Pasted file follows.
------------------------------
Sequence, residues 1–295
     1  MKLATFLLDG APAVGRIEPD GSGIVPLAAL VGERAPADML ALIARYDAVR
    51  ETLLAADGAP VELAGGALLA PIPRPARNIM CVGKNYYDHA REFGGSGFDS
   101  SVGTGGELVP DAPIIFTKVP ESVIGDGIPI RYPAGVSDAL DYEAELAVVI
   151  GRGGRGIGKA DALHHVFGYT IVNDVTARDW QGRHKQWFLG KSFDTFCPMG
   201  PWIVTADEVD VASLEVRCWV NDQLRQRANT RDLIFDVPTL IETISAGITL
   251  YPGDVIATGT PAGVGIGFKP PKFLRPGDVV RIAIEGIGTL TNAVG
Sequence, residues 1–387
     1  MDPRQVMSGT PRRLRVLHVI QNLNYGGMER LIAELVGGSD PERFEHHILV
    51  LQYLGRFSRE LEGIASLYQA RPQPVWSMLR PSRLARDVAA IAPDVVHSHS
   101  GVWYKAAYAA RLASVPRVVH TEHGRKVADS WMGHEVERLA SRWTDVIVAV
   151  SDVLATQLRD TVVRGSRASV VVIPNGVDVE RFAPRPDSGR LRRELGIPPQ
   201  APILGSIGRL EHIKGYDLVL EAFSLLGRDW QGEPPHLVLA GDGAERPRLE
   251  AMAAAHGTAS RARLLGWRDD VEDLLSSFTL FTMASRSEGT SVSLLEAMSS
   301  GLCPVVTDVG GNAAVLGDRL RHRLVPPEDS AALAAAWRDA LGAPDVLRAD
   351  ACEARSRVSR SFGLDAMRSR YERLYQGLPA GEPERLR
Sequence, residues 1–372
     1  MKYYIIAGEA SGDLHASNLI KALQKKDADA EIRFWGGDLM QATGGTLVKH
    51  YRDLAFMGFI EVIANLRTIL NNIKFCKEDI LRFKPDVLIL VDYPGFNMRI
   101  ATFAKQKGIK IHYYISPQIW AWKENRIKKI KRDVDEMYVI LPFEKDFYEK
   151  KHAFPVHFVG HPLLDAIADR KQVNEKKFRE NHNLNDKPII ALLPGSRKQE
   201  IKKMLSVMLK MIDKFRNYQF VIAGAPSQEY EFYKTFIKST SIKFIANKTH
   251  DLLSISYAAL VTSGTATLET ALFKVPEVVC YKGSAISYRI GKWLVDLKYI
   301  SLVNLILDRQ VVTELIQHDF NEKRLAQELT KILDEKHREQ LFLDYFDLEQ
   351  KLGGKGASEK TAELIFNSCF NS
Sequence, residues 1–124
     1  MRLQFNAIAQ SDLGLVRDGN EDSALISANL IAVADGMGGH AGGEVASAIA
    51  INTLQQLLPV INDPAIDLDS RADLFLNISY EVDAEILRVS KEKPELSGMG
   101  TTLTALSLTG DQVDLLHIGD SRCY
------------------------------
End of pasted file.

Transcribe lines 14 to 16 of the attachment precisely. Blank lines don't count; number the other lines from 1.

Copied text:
   251  AMAAAHGTAS RARLLGWRDD VEDLLSSFTL FTMASRSEGT SVSLLEAMSS
   301  GLCPVVTDVG GNAAVLGDRL RHRLVPPEDS AALAAAWRDA LGAPDVLRAD
   351  ACEARSRVSR SFGLDAMRSR YERLYQGLPA GEPERLR